Anderson Dental Care - June 2019



7525 STATE RD., STE. A, CINCINNATI, OH 45255 | 513-438-8152 | WWW.ATOWNDENTAL.COM | JUNE 2019


As I’ve walked through some stores recently, I’ve seen so many signs claiming “THIS is what your dad wants for Father’s Day,” or something similar. I usually look below the signs and, inevitably, see things like handy tools; pairs of shoes, shirts, and ties; a set of knives; sports equipment; lawn mowers; barbecue grills; or even steaks! When I run across these ads telling my family what I want for Father’s Day, I can’t help but think to myself, “Is that really what I want? Is that really what most dad’s want? Will buying that for a father figure actually express to them just how much they are loved and appreciated?” Don’t get me wrong — some of those items look really nice, and I’m sure I could enjoy them. But when I think about what Father’s Day means to me, why my family sees fit to celebrate it (and me), and what being a father is really about, none of those items come to mind. I’m not saying you shouldn’t buy anything for your dad. If he’s been dropping hints about a new gadget, then by all means wrap it up and give it to him! No doubt he’ll appreciate the thought. But this year, I encourage us all to take it beyond cards and gadgets, and really think about what I believe

all dad’s want — quality time, meaningful relationships, and experiences that will bring the family closer together. Even though my kids are young, they know that I value spending time with them. In that way, the ideal Father’s Day gifts for me would be simple things like reading a book, playing a board game, or going on a fun outdoor adventure with them. Every Father’s Day, my wife helps the kids make me breakfast-in-bed.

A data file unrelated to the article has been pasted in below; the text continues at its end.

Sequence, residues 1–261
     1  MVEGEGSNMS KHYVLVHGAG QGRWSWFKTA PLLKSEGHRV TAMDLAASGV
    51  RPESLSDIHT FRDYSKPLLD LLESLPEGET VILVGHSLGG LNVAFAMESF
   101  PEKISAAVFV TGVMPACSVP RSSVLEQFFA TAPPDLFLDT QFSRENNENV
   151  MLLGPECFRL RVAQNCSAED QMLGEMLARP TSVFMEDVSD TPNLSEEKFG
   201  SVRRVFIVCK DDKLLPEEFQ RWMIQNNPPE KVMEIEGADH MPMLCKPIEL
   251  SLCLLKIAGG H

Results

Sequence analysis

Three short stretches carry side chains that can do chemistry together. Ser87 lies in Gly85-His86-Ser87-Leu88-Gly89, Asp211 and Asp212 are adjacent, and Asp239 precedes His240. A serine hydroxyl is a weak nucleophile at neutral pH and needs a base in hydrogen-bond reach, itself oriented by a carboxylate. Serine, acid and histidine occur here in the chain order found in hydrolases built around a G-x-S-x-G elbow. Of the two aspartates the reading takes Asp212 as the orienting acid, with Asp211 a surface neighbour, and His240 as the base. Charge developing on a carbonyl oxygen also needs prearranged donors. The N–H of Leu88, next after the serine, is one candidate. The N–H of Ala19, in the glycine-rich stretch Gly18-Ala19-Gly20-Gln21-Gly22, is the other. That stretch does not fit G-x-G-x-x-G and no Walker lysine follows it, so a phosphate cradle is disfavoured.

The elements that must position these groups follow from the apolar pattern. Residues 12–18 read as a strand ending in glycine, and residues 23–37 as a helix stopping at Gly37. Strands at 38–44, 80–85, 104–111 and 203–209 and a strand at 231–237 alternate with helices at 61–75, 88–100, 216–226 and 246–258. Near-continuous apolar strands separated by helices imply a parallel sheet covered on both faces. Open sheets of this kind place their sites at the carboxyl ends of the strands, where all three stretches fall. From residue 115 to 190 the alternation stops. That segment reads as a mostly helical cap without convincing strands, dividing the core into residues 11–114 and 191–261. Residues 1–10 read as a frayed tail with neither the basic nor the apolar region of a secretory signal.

me laugh), and then they sit in bed with me and eat all the food they just brought me. It’s a simple tradition my wife carried over from her childhood, but it’s come to mean a lot to me. Spending those moments with my kids, seeing their art, and even eating the toast all make me feel more loved and appreciated than opening any gift could make me feel. When my family gives me the gift of their time, I feel celebrated. As my kids get older, the breakfasts might get a little fancier, and someday they’ll be gone altogether as my kids start Father’s Day traditions of their own. I can only hope that when they think of me on Father’s Day, they’ll know that what I want most is time with my family, shared memories, and a phone call. To me, you don’t add more time and effort in the gift-giving process with each passing year; you just need to brainstorm ways to continue fostering a close, loving relationship with the dad in your life. A shared experience will mean so much more than a tie or a beverage mug in the long run.

It usually consists of simple things they can do themselves — toast, yogurt, and some kind of fruit. They bring it in on a tray loaded with pictures they’ve each colored of me (or sometimes totally random things that make “I can only hope that when they think of me on Father’s Day, they’ll know that what I want most is time with my family, shared memories, and a phone call.”

To all the dads out there, Happy Father’s Day!

–Dr. Brooks

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